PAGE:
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Bebop Spoken There

Charlie Musselwhite: "I used to see these posters in the windows of the [Chicago] blues clubs advertising Elmore James and Muddy Waters which knocked me out. I was making a note of the addresses and at night I'd go back and listen to the blues until 4-5 in the morning." - (Blues Matters! Aug/Sep 2021)

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Hudson Music: Lance's "Bebop Spoken Here" is one of the heaviest and most influential jazz blogs in the UK.

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The Strictly Smokin' Big Band included Be Bop Spoken Here (sic) in their 5 Favourite Jazz Blogs.

Postage

13,530 (and counting) posts since we started blogging 13 years ago. 948 of them this year alone and, so far, 112 this month (July 31).

Monday, May 15, 2017

CD Review: Quinsin Nachoff's Ethereal Trio

Quinsin Nachoff (tenor); Mark Helias (bass); Dan Weiss (drums).
(Review by Lance).
The releases from Whirlwind Recordings continue apace from either side of the Atlantic. The latest one to arrive at the BSH Head Office overlooking the Tyne and Wear Metro Line features New York based, Canadian born, saxophonist Quinsin Nachoff and is well worth checking out. I wasn't too sure as to how ethereal the trio actual was so I took the easy way out and Googled 'ethereal synonyms'.
Airy, Celestial, Exquisite, Ghostly, Intangible and Sublime were the top answers and the trio ticked all the boxes. Not all the boxes on every track but, over the course of the six pieces, managed to touch down on at least one and occasionally all.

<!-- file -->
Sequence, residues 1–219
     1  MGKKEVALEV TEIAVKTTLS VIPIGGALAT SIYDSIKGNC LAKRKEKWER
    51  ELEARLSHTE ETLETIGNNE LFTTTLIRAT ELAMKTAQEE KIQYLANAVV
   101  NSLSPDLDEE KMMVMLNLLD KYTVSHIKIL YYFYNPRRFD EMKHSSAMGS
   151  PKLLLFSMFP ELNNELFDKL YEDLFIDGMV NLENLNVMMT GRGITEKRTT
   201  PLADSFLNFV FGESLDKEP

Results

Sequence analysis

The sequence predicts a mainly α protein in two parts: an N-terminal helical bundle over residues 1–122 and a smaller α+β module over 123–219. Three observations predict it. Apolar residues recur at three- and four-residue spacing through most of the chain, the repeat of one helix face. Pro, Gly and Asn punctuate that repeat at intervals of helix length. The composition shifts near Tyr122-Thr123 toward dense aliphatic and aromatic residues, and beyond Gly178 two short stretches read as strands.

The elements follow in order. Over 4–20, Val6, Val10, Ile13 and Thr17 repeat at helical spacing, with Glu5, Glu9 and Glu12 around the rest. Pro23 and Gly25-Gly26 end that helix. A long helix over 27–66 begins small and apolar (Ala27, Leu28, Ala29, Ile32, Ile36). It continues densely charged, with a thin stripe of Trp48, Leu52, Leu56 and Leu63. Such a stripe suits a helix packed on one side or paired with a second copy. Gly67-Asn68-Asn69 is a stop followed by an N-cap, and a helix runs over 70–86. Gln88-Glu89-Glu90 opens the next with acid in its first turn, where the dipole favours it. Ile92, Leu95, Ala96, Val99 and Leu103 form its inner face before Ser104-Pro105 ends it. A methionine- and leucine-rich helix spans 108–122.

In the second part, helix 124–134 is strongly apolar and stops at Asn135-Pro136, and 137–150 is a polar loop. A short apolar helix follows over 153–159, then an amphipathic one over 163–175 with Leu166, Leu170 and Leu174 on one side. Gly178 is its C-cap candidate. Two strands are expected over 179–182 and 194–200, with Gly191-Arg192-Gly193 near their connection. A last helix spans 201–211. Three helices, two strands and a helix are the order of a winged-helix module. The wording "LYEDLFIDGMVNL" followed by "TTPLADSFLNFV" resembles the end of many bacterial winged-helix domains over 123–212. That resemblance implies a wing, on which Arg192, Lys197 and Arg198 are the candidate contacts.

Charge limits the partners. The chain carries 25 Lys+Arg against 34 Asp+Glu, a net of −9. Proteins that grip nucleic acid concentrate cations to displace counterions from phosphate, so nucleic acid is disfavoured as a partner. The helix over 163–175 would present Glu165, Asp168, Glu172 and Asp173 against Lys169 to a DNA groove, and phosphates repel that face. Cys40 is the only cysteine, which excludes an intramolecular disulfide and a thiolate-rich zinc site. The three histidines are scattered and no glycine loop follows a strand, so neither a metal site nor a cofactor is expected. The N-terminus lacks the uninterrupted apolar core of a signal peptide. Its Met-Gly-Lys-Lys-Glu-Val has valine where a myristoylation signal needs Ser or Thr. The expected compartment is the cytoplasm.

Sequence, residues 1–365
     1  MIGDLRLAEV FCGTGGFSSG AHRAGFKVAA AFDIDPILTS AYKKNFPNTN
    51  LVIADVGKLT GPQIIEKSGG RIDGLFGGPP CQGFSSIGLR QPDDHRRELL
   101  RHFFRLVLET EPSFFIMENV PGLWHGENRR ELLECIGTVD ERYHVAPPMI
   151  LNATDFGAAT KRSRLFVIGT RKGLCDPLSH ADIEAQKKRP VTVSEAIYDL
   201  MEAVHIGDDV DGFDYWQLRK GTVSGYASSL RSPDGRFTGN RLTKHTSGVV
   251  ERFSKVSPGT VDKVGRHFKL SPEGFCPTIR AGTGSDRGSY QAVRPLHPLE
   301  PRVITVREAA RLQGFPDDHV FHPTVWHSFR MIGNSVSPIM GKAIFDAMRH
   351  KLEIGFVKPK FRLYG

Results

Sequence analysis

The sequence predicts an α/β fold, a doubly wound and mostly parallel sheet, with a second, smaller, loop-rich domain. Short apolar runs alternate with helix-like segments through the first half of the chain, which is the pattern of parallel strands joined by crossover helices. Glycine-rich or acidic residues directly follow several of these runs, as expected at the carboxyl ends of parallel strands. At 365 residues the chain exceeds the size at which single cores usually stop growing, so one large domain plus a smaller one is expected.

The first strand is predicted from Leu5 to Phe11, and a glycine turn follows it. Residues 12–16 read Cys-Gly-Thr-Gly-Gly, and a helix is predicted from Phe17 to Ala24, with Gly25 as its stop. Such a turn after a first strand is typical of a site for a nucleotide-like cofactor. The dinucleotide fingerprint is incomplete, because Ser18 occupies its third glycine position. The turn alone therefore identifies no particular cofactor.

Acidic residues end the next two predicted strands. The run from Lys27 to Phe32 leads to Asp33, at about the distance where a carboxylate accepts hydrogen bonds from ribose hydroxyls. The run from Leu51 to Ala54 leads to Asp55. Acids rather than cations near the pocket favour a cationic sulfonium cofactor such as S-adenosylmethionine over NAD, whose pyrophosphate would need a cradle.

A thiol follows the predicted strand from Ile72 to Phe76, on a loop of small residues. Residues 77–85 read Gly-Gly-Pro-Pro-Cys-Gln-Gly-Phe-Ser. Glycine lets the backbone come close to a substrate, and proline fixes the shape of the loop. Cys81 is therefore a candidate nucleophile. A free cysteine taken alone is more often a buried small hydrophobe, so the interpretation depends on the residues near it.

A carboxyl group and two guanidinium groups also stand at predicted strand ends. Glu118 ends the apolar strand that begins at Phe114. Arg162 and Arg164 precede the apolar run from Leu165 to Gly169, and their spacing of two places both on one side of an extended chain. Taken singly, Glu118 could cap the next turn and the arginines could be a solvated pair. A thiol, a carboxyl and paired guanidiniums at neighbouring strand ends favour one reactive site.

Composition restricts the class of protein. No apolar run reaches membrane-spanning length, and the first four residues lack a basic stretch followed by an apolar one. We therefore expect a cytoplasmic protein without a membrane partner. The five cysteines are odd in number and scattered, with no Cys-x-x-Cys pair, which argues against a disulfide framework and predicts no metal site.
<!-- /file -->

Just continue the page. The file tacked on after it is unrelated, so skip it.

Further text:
Chordless trios can be looked at from different angles. To some it's a licence to drive on either side of the road and, if it ends in a car crash, it's somebody else's fault. Others view it as three people taking a different route to the same destination but getting there at the same time.
The Ethereal Trio work to this latter goal but, although going their own way, constantly draw from each other. Nachoff describes it, "All three of us love to investigate different color and extended techniques, so many different directions are possible. Once we've understood what the direction is for each composition then that's when the magic starts to happen."
The magic does happen - not, for me, on every number but on enough to keep me interested. Nachoff has a dry tenor sound rather like what Jimmy Giuffre may have sounded like had he listened to Illinois Jacquet or Ike Quebec. Helias is merely (!) prodigious whilst Weiss is given a pair of free hands.
I'm not going to say, "Rush out and buy" but I will say, "Give it a listen - you may be pleasantly surprised"!
Lance.

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